“No, I’m not trying to discredit them,” responded Rooney. “I would like to see the directors of those agencies purged and say, ‘We’ve got a lot of great agents, a lot of great lawyers here.’ Those are the people that I want the American people to see good works being done, not these people who are kind of a deep state.”

Jackson’s eyes widened: “Language like that, congressman? Purge? Purge the Department of Justice?”

“Well, I think Mr. Strozyk could be purged, sure,” he said, referring to Peter Strozyk, the FBI’s Russia expert, who had been critical of Trump in private text messages.

If Rooney was seeking national attention he certainly got it. His call for a purge was covered by major news networks and outlets across the country. It was denounced by commentators and pundits. His Democratic opponents in the District regarded it as a Christmas gift to their campaign. And non-Trump Republicans were horrified as well.

“This is rhetoric of the extreme right wing of the Republican Party,” said Richard Painter, former White House ethics lawyer for President George W. Bush, interviewed on CNN. “We don’t have purges in the United States of America! That’s Soviet Russia or Nazi Germany. That’s not the type of rhetoric we use in the United States of America and that man does not belong in Congress and I sure as heck don’t want him in my party.”

Rooney never backed off or retreated from his statement. Over time, in fact, a purge did take place: Attorney General Jeff Sessions resigned; Deputy Attorney General Rod Rosenstein resigned; Comey had been fired; McCabe was terminated the day before he qualified for his pension. Trump succeeded in eliminating nearly all the high-level federal law enforcement officers who threatened him.

Through it all Rooney established his position on the front lines of Trumpism, standing out as a vocal defender of the President and his program, taking all the heat the “deep state” and mainstream media could muster.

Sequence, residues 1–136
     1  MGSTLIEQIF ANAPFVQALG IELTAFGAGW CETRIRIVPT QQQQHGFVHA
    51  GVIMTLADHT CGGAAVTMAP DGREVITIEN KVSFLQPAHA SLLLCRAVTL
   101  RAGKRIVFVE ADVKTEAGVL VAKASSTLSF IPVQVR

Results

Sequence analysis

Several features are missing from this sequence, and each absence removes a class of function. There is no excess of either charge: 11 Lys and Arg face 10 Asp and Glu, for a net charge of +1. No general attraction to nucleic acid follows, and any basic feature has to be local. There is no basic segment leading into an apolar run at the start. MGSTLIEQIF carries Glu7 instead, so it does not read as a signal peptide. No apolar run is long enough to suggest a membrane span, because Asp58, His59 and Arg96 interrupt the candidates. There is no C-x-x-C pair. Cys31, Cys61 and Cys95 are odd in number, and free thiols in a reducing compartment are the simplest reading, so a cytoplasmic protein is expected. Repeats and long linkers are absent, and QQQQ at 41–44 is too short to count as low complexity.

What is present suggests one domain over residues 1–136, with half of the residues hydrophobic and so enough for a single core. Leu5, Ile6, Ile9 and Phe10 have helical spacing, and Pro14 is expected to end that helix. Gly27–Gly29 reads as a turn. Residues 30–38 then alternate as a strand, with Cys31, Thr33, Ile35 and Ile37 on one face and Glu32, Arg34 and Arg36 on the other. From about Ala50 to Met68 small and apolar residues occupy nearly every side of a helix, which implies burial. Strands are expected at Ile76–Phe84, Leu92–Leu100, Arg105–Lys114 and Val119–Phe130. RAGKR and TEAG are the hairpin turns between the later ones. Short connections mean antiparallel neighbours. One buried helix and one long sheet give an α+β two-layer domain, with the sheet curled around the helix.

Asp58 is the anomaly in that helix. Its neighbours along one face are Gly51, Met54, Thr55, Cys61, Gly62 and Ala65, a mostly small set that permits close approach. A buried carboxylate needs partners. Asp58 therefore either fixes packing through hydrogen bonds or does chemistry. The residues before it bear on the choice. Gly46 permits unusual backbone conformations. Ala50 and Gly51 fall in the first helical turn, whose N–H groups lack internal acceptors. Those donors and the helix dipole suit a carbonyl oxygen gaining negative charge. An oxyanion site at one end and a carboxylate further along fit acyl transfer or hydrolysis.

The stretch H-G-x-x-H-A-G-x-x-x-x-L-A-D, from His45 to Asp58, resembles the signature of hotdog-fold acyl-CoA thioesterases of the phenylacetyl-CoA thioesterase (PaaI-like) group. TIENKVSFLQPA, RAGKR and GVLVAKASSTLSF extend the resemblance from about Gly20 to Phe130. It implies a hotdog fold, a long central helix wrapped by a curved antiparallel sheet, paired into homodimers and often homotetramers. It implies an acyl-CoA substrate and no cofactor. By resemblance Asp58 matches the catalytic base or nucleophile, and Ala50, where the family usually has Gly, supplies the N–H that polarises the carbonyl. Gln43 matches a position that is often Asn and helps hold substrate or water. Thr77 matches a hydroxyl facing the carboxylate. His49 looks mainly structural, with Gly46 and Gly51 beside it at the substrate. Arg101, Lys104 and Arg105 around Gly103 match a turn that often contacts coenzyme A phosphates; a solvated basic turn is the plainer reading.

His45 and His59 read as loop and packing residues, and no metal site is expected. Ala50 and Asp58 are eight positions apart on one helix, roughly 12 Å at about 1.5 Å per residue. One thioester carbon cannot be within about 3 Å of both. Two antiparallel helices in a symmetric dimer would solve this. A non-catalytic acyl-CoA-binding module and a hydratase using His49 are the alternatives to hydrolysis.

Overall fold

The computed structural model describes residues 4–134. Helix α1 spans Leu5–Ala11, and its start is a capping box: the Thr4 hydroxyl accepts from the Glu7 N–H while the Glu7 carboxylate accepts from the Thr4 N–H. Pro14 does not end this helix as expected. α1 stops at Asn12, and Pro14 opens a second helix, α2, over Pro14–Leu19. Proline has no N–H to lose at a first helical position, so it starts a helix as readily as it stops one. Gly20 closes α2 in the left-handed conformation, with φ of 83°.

Climatic matters

Rep. Francis Rooney bags a Burmese python in the Everglades on Aug. 10, 2017. (Photo: Office of Rep. Rooney)

Rooney was genuinely concerned about the purity of Southwest Florida’s water and restoration of the Everglades, which was his top priority. He plainly understood that human habitation in the area depended on its water and the Everglades were a critical and delicate resource that protected the towns of the coast.

Accordingly, Rooney was very active in lobbying for full Everglades funding and doing what he could to enhance water quality. Familiar with construction planning, he dove into details of the Comprehensive Everglades Restoration Plan and pushed to get its projects moving. He brought key officials and congressional leaders to Florida to so they could see the river of grass for themselves. He took the opportunity of a private dinner with Trump to raise these issues directly.

On Aug. 10, 2017 Rooney even waded out into the swamp itself to hunt down invasive Burmese pythons—and bagged five, winning local and national publicity.

But as Rooney showed concern for the local environment, he was caught in a contradiction by his support for Donald Trump, who was not just indifferent to the natural environment but seemed actively hostile to it. When it came to Southwest Florida, for example, Trump cut $1 billion from the Army Corps of Engineers budget, which included money that would have gone to repairing the Herbert Hoover Dike around Lake Okeechobee, essential infrastructure for water management.

While mildly expressing hope that Trump would increase funding, Rooney otherwise went along with the whole Trump program: in addition to calling for reining in the EPA, he supported Trump’s withdrawal from the Paris Climate Agreement and he repeatedly denied the reality of climate change at his town hall meetings.

“The climate has been changing forever,” he said at one town hall. Did he believe in global warming? “I think that there is very complex issues surrounding global warming. Sea levels have been rising since the ice age,” he replied.

When asked specifically about sea level rise at a Bonita Springs town hall on May 31, 2017 he was vague: “We definitely need to learn all we can about why these sea levels are rising. I’m just not sure how much is man-made and how much is not.” Again he used his ice age line: “The sea level has been rising since the ice age.”

While Rooney and many Southwest Floridians might deny climate change, they could not deny the climate itself and Mother Nature had dramatic ways of making her presence known.

On Sept. 10, 2017 Hurricane Irma, then a Category 4 storm, rampaged ashore at Marco Island.

The storm’s arrival followed days of warnings, mandatory evacuations, supply-buying and frantic efforts to secure homes, businesses and effects. Irma may not have been as devastating as some of her bigger cousins but she did do considerable damage, knocking out power, flinging debris and harming numerous structures.